- 20 Feb 2020
- Shawn Schmitz
- Engines - Biz Av
The need to maintain your aircraft's engines don't stop when the aircraft is inactive. It takes a little effort to preserve your powerplants when not in regular use, but doing so properly certainly pays in the long-run. Here's how...Back to Articles
The cost of maintaining your aircraft’s powerplants is perhaps the most expensive element of owning and operating a business jet or turboprop. But the costs are not just associated with times of aircraft engine activity.
Owners and operators can avoid adding to the costs of engine maintenance by preserving their powerplants properly during times of inactivity.
The most crucial element of correctly preserving your aircraft’s engines is that they need to be in full operation on a regular basis to maintain their healthy and efficient performance levels. ‘Full operation’ is when fuel is consumed and oil is in constant contact and moving throughout the engine, providing the necessary lubrication to all the components and parts that need it.
If your aircraft is likely to be sitting idle for longer than normal, it is recommended that you take some extra steps to keep your engines in good working condition, minimizing the potential for their deterioration.
Engine preservation becomes critical during times of long-term storage. There are some unfortunate (and significant time- and cost-consuming) effects when the correct procedures are not followed.
Engine Fuel System Preservation
Fuel contamination is a common concern for all aircraft engines, even during normal operation. But it becomes an even greater concern if the engines are inactive for a period of time. That’s because fuel becomes corrosive as contaminants settle on all parts of the fuel system, including the controls, pump, nozzles, tubes and internal components.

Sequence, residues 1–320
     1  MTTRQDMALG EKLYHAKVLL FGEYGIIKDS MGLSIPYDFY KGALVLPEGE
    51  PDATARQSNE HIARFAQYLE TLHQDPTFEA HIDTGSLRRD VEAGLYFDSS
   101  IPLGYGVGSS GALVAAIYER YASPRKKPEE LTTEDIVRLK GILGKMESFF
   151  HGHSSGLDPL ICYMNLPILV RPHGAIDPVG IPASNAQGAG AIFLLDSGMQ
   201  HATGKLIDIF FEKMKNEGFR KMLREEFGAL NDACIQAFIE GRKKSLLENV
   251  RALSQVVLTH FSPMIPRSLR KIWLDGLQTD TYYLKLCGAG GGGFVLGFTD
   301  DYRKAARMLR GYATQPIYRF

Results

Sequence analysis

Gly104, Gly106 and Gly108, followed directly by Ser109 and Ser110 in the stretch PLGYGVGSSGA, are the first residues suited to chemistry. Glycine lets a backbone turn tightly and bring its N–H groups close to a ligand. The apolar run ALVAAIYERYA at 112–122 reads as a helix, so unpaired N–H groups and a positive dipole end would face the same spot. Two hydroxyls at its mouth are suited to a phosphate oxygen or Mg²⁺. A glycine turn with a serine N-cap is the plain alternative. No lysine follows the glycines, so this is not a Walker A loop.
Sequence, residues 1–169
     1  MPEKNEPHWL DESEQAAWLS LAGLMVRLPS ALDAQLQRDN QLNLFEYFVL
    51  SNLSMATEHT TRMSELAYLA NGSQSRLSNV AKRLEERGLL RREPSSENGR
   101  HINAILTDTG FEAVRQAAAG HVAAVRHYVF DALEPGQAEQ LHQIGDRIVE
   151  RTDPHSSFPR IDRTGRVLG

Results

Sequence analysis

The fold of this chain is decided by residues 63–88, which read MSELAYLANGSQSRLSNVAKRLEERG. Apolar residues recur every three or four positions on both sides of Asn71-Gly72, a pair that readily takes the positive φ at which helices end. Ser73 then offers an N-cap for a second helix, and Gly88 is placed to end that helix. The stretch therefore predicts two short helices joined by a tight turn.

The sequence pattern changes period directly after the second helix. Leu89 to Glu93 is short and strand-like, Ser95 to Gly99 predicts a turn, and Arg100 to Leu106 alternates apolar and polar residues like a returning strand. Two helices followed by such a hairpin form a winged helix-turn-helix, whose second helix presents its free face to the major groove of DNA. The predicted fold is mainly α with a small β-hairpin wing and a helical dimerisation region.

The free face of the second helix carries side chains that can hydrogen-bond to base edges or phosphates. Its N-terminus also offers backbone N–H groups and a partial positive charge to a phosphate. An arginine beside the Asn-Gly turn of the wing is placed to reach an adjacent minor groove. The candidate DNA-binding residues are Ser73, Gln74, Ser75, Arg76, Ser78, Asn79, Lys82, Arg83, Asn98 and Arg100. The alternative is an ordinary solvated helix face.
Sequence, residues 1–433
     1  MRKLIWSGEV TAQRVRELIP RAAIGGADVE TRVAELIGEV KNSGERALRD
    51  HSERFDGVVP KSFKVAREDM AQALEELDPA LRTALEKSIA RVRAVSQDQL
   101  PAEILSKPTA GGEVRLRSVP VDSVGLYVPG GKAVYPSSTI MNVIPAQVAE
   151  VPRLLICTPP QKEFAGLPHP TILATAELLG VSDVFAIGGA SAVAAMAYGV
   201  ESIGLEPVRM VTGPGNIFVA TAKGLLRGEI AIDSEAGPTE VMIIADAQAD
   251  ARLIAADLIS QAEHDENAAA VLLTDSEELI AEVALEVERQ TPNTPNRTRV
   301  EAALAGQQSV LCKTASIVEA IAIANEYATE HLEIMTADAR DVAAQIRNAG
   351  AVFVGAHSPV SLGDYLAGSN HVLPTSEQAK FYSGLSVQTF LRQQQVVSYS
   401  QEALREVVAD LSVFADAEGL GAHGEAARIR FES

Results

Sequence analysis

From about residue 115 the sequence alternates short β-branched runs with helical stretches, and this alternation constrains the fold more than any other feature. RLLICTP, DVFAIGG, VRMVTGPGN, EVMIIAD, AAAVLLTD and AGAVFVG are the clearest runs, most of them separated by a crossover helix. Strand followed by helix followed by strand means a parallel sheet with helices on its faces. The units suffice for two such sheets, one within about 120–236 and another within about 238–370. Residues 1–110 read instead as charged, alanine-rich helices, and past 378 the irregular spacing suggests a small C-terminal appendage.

Fuel system preservation should include disconnection of fuel lines, and purging the existing fuel. You should replace that fuel with preservation fluid.
Engine Oil System Preservation
Atmospheric moisture also has the potential to cause corrosion to many of the internal and external parts of an engine.
As oil moves throughout the powerplant it mixes with air and begins to collect moisture. This moisture causes the oil to become acidic, with the potential to eat away at the main engine bearings, oil pump and accessory gearbox.
Steps you should take for oil system preservation should include allowing all of the oil to drain from the engine.
There are many different procedures for preserving engines along with different preservation schedules. It is, however, always recommended to follow the most current revision of the Maintenance Manual for the proper preservation procedure required, based on the time period the engine will be inactive.
If at all possible, inactive engines should be stored in a dry, temperature-controlled environment to help minimize condensation. You are best advised to add desiccant bags inside the engine and then cover the air and exhaust inlets to prevent moisture from entering the engine.
You should then monitor the amount of condensation with a humidity indicator and replace desiccant bags as required.
The Consequences of Not Preserving Your Engines…
The cost of failing to preserve your engines during a time of idleness can be very high indeed.
A typical work scope for an unpreserved engine can include removal for overhaul and potentially a complete teardown to inspect all mainline bearings. It may be necessary to exchange the fuel pump, fuel control, fuel manifolds, oil pump, and several other items, along with the replacement of all accessory and transfer gearbox bearings.
There are additional costs associated with this type of work scope, including other squawks found at disassembly, engine changes and shipping.
These are very costly repairs that hourly engine maintenance programs (such as are offered by Pratt & Whitney Canada, Rolls-Royce, Honeywell and JSSI, for example) will not pay for. So the time and money it ultimately takes to follow the proper preventative procedures is well worth the effort in the long-run.
More information from www.duncanaviation.aero